The society started in law schools in the 1980s and now has 200 Law School chapters. And the best law school Deans have expressed appreciation of the society’s contribution to free and open debate. My colleague, Elena Kagan is a prime example. When she was the Dean of Harvard Law School, she spoke at a Federalist Society event and began with these words. I love the Federalist Society. After some applause, she repeat it. I love the Federalist Society, pause. But you are not my people. That is a true expression of the freedom of speech that our Constitution guarantees and that we need to preserve. We should all welcome rational civil speech on important subjects, even if we do not agree with what the speaker has to say.
Third, he discussed increased hostility towards FedSoc, including the proposed rule that would have prevented judges from being members of FedSoc. (I wrote about it here).
Unfortunately, tolerance for opposing views is now in short supply in many law schools, and in the broader academic community. When I speak with recent law school graduates, what I hear over and over is that they face harassment and retaliation if they say anything that departs from the law school orthodoxy. Under these circumstances, Federalist Society law school events are more important than ever. I will have more to say about freedom of speech later, but if this point I want to express appreciation to the many judges and lawyers who stood up to an attempt to hobble the debate that the Federalist Society Foster’s move was afoot to bar federal judges from membership in the society. And if that had succeeded, the next logical step would have been to forbid them from speaking at law school events, and other events sponsored by the society. Four Court of Appeals judges, Amul Thapar, Andy Oldham, Bill Prior, and Greg Katsas, prepared a letter that devastated the arguments of those who wanted to ban membership. The letter was signed by more than 200 judges, including judges appointed by every president, going back to President Ford. And at least for now, the proposal is on hold, we should all express our thanks to these defenders of free speech.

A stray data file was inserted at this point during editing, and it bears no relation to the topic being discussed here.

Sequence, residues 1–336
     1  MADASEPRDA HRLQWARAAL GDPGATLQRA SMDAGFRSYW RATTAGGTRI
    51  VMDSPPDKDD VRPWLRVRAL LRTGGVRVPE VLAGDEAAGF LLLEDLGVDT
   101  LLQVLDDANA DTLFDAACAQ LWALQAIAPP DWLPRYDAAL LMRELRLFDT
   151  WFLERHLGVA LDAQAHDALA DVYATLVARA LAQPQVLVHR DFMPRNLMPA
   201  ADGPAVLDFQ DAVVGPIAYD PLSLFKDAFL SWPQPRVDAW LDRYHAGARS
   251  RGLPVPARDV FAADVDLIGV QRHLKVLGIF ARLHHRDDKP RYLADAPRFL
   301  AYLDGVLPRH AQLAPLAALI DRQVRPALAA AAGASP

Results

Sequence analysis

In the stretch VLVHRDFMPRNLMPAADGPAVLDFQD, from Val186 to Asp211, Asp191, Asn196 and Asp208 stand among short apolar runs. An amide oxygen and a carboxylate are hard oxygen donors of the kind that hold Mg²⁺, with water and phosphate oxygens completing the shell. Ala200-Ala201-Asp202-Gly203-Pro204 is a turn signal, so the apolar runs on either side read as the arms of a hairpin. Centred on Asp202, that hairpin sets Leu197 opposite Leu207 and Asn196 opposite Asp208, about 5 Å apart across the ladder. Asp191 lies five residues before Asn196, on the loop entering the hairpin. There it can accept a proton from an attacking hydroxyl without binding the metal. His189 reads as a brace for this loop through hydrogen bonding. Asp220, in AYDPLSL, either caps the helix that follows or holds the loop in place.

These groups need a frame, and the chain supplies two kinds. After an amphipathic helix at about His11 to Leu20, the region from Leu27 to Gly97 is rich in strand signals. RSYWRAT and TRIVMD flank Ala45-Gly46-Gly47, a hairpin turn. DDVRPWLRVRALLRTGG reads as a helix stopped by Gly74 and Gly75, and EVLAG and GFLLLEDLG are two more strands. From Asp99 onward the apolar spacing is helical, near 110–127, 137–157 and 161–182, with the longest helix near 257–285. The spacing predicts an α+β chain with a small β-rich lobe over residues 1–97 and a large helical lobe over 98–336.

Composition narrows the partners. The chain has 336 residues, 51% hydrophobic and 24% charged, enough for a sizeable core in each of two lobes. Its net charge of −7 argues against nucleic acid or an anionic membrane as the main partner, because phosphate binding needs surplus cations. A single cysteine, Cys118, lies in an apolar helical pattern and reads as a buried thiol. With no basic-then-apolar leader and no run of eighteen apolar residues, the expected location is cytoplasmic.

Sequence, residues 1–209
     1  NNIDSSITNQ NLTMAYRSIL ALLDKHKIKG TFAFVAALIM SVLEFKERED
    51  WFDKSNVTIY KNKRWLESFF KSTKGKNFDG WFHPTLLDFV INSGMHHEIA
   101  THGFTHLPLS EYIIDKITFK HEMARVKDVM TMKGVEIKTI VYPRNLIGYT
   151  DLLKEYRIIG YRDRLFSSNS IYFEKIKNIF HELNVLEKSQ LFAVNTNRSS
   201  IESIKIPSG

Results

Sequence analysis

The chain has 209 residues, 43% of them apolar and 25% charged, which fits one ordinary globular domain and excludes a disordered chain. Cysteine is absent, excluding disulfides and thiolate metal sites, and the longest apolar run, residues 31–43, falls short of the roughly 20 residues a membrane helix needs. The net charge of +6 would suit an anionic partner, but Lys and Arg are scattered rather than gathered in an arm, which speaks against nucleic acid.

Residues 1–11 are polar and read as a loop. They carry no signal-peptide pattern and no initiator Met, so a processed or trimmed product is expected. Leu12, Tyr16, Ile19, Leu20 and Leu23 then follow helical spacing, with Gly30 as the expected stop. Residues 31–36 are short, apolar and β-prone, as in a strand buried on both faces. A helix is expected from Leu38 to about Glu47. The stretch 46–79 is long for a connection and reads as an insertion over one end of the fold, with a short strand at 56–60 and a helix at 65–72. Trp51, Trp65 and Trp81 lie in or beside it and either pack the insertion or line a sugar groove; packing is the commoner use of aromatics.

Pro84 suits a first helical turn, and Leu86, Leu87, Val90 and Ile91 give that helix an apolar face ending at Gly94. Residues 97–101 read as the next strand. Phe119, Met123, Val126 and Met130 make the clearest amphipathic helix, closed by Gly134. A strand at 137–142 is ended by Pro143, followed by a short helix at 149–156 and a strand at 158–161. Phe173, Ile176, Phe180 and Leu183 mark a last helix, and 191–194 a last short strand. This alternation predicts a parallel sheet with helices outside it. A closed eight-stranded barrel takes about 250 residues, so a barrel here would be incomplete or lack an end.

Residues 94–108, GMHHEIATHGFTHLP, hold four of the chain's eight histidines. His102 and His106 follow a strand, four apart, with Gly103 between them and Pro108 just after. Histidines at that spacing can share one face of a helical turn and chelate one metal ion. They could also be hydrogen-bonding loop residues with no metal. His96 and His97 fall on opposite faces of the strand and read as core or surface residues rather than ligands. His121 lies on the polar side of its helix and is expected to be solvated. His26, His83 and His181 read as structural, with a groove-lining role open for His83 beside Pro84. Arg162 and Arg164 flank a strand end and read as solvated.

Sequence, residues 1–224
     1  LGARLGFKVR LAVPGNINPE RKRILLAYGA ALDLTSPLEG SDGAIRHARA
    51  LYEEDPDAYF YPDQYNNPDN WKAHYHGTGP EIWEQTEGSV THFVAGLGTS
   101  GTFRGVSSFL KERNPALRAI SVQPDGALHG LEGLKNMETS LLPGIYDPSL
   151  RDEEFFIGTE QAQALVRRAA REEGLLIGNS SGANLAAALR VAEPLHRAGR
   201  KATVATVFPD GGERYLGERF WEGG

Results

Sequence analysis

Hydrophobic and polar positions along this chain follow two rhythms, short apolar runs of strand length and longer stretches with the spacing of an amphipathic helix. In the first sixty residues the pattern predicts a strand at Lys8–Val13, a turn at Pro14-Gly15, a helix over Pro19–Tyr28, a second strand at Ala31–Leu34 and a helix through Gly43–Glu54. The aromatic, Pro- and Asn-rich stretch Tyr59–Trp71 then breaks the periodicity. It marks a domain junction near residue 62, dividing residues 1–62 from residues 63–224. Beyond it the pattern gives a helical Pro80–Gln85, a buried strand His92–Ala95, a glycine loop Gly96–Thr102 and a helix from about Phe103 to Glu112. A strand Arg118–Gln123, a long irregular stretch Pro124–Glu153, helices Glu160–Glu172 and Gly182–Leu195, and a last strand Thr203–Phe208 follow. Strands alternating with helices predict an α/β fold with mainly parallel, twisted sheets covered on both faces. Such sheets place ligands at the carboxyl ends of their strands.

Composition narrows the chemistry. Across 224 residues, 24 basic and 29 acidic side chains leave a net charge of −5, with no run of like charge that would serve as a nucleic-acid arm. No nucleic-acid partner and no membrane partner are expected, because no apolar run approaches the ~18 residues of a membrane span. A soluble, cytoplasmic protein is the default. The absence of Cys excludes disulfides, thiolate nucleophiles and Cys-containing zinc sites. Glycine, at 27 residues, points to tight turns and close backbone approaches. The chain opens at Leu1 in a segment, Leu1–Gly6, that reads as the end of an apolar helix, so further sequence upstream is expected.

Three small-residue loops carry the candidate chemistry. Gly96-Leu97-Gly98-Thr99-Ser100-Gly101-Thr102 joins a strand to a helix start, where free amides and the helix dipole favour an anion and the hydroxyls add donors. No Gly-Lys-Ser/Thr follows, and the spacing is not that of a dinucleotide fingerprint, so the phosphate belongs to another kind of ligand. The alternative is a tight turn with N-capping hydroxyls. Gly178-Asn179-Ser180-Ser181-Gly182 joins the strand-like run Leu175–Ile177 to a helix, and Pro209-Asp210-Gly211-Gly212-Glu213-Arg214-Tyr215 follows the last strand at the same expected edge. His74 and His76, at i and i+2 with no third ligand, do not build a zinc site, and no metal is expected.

Fourth, he discussed how COVID-19 has affected our current legal order.
The topic of this year’s convention is the rule of law and the current crisis. And I take it that the title is intended primarily to refer to the COVID-19 crisis that has transformed life for the past eight months. The pandemic has obviously taken a heavy human toll, thousands dead, many more hospitalized, millions on employed the dreams of many small business owners dashed. But what has it meant for the rule of law,
I’m now going to say something that I hope will not be twisted or misunderstood. But I have spent more than 20 years in Washington, so I’m not overly optimistic. In any event, here goes. The pandemic has resulted in previously unimaginable restrictions on individual liberty. Now, notice what I am not saying or even implying, I am not diminishing the severity of the viruses threat to public health. And putting aside what I will say shortly about a few Supreme Court cases, I’m not saying anything about the legality of COVID restrictions. Nor am I saying anything about whether any of these restrictions represent good public policy. I’m a judge, not a policymaker. All that i’m saying is this. And I think it is an indisputable statement of fact, we have never before seen restrictions as severe, extensive and prolonged as those experienced, for most of 2020.
Think of all the live events that would otherwise be protected by the right to freedom of speech, live speeches, conferences, lectures, meetings, think of worship services, churches closed on Easter Sunday, synagogues closed for Passover on Yom Kippur War. Think about access to the courts, or the constitutional right to a speedy trial. trials in federal courts have virtually disappeared in many places who could have imagined that the COVID crisis has served as a sort of constitutional stress test. And in doing so it has highlighted disturbing trends that were already present before the virus struck.
Fifth, he discussed the broad delegation to government to deal with “emergencies” and “rule by experts.”
One of these is the dominance of lawmaking by executive Fiat rather than legislation. The vision of early 20th century progressives and the new dealers of the 1930s was the policymaking would shift from narrow minded elected legisla